January 2018: Canadian Journal of Neurological Sciences. le Journal Canadien des Sciences Neurologiques
https://www.readbyqxmd.com/read/29332089/gene-therapy-for-parkinson-s-disease
#13
Vivek Sudhakar, R Mark Richardson
Gene therapy is a clinical tool that may eventually provide therapeutic benefit to patients suffering from movement disorders through a few potential mechanisms: direct correction of the pathogenic mechanism, neuroprotection, neurorestoration or symptom control. The therapeutic mechanism is therefore dependent on knowledge of disease pathogenesis and the required temporal and spatial specificities of gene expression. An additional critical challenge is achieving the most complete transduction of the target structure while avoiding leakage into neighboring regions or perivascular spaces...
2018: Progress in Neurological Surgery
https://www.readbyqxmd.com/read/29332085/deep-brain-stimulation-of-the-subthalamic-nucleus-and-globus-pallidus-for-parkinson-s-disease
#14
Philip S Lee, Donald J Crammond, R Mark Richardson
The concept of deep brain stimulation (DBS) for Parkinson's disease (PD) was introduced over 20 years ago, but our understanding of the nuances of this procedure continues to improve. The average motor outcomes of internal segment of the globus pallidus (GPi) and subthalamic nucleus (STN) DBS appear to be similar, although GPi DBS may allow greater recovery of verbal fluency and may provide greater relief of depression symptoms and improvement in the quality of life, and STN DBS appears more likely to result in decrease in levodopa equivalent doses...
2018: Progress in Neurological Surgery
https://www.readbyqxmd.com/read/29332080/radiosurgical-pallidotomy-for-parkinson-s-disease
#15
Leslie D Cahan, Ronald F Young, Francisco Li
Deep brain stimulation (DBS) has been widely accepted as a tool for treating many symptoms of Parkinson's disease (PD); pallidotomy has been nearly abandoned. Concerns about both the safety and efficacy of pallidotomy are based on small series, isolated case reports, and techniques that would now be considered obsolete. The senior author recently reviewed long-term follow-up of a series of patients who had gamma knife pallidotomy (GKP) for advanced PD. GKP leads to durable, clinically significant benefit. Bilateral GKP adds incremental improvement...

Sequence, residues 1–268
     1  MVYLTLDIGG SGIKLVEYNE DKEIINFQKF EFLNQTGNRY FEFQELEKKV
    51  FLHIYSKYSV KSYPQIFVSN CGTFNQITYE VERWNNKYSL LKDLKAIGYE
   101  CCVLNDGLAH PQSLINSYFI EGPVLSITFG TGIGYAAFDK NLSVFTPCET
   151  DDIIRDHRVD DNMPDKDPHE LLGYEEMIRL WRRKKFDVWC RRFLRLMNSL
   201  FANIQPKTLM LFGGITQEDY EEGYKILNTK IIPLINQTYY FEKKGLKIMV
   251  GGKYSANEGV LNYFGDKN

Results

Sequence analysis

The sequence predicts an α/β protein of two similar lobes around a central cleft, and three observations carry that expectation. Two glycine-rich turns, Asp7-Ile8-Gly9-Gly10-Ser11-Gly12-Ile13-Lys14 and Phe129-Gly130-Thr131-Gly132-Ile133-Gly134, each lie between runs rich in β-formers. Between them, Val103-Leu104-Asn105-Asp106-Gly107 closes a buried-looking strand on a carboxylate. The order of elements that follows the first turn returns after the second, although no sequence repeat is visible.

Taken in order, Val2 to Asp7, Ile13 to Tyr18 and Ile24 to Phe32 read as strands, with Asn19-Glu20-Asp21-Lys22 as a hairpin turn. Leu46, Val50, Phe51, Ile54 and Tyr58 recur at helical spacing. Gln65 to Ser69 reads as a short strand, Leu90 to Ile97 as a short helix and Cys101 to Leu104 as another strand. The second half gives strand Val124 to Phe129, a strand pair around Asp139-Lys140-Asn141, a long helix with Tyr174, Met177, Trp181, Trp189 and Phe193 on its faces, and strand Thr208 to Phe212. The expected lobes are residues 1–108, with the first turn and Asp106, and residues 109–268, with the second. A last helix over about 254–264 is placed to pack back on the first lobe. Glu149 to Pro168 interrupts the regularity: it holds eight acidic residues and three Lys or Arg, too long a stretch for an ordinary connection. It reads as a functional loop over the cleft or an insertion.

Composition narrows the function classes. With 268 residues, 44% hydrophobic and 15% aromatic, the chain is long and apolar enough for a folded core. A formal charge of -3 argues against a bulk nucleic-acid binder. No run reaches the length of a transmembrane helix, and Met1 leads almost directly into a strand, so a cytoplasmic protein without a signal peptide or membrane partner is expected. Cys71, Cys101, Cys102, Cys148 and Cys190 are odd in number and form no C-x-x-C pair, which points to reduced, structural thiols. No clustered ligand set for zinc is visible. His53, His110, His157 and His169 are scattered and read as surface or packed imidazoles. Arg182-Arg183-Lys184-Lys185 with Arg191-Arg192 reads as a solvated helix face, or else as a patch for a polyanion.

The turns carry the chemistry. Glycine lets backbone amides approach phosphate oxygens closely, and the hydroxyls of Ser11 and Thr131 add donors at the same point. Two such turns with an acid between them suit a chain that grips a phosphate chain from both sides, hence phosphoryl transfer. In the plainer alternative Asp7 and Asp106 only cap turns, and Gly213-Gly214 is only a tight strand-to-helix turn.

2018: Progress in Neurological Surgery
https://www.readbyqxmd.com/read/29332075/patient-evaluation-and-selection-for-movement-disorders-surgery-the-changing-spectrum-of-indications
#16
Steffen Paschen, Günther Deuschl
This report summarizes the state-of-the-art and controversies around patient selection for deep brain stimulation (DBS) for various conditions. Parkinson's disease (PD): several class I studies have shown superiority of DBS over best medical treatment for advanced PD with fluctuations and further inclusion criteria. One class I study suggests that PD patients with early motor complications might gain more quality of life if operated within 3 years after the onset of fluctuations. The subthalamic nucleus (STN) is still the standard target...
2018: Progress in Neurological Surgery
https://www.readbyqxmd.com/read/29331872/effect-of-physical-activity-on-cognitive-flexibility-depression-and-rbd-in-healthy-elderly
#17
Stefanie Lerche, Alexandra Gutfreund, Kathrin Brockmann, Markus A Hobert, Isabel Wurster, Ulrike Sünkel, Gerhard W Eschweiler, Florian G Metzger, Walter Maetzler, Daniela Berg